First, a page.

Self Has No Idea Why

Self has no idea why, but there is no love, absolutely no love, in Alain de Botton’s novel The Course of Love.

It’s about the married life of a young couple. They feel this and that, followed by blocks of clinical-sounding text. Little disappointments, which otherwise would be quickly forgotten in the course of a normal life, get toted up like someone’s keeping score. In the beginning, there was a kind of heated intimacy, which is beginning to seem more and more (to self, at least) like desire rather than love.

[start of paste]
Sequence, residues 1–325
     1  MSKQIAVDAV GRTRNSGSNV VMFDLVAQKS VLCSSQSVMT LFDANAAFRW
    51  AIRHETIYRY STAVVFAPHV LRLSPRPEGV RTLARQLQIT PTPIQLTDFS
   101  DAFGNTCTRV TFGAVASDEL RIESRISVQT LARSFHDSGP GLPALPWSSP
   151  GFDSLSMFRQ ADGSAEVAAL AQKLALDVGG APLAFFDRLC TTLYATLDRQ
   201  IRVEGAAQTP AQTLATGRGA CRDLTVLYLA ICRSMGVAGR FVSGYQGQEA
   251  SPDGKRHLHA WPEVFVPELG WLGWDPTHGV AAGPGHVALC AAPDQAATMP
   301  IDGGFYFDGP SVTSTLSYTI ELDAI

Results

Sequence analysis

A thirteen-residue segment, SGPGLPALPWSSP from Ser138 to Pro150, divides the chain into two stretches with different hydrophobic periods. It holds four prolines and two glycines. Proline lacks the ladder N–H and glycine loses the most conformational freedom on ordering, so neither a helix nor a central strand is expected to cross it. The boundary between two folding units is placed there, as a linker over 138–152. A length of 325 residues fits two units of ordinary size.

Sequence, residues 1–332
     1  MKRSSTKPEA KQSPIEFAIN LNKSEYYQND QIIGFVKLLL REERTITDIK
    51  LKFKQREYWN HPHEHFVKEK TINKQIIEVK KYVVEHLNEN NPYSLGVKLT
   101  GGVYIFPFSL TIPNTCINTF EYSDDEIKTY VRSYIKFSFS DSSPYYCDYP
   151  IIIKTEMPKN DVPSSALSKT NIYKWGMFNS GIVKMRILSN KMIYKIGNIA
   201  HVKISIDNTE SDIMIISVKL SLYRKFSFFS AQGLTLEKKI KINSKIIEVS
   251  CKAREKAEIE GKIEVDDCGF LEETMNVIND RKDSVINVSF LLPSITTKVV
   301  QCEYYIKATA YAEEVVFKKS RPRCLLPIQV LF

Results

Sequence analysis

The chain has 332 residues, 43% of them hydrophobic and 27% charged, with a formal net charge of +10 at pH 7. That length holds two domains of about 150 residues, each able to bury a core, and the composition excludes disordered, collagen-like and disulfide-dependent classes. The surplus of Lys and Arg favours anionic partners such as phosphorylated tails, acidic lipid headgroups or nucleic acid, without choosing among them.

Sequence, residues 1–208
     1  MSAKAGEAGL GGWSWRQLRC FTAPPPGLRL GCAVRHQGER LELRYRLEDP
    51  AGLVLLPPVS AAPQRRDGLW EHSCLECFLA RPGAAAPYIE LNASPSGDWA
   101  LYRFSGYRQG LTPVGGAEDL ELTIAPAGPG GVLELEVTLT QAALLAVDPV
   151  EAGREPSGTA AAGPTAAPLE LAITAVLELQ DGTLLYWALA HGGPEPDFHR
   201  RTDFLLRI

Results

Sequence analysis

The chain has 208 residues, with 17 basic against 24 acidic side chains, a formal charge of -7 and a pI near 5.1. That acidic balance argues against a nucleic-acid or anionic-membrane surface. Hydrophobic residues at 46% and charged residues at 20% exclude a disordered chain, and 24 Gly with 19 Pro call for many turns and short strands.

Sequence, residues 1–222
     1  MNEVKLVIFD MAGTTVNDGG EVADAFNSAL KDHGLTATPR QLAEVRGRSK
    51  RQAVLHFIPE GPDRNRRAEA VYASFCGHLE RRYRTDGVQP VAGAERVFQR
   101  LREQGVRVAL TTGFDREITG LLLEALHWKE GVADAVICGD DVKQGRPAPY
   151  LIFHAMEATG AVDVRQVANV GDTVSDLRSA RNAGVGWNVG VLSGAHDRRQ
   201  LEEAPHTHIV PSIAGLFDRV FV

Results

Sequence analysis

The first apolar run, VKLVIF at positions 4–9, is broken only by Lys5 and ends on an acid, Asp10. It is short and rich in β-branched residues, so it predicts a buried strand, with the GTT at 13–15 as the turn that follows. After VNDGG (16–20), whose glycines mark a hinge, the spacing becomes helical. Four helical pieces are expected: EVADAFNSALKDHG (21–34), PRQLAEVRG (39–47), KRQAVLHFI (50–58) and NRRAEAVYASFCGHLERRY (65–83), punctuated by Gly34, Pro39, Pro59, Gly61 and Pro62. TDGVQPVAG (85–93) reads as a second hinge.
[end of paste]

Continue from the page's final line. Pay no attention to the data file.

The couple live in Edinburgh. The husband’s name is Rahib, and the wife’s name is Kirsten. He goes on a business trip:

  • Whenever he’s away, he feels as if she were trying to put an even greater distance between them than that of land or water.

Anyhoo, there is great fun in reading the clinical text. It forces her to read with detachment, as if Rahib and Kirsten were two insect specimens being examined under a microscope.

Stay tuned, dear blog readers. Stay tuned.

#amwriting: Novel-in-Progress, WILDERNESS, Chapter 1

  • The old servant woman placed before each of them a white plate on which were artfully arranged four thin, golden slices of ripe mango.

Novel got her into the 2015 Banff Literary Studio, where one of her mentors was so scrupulous he marked sentence by sentence. Things like: WHO IS THE SPEAKER HERE?

Stay tuned, dear blog readers. Stay tuned.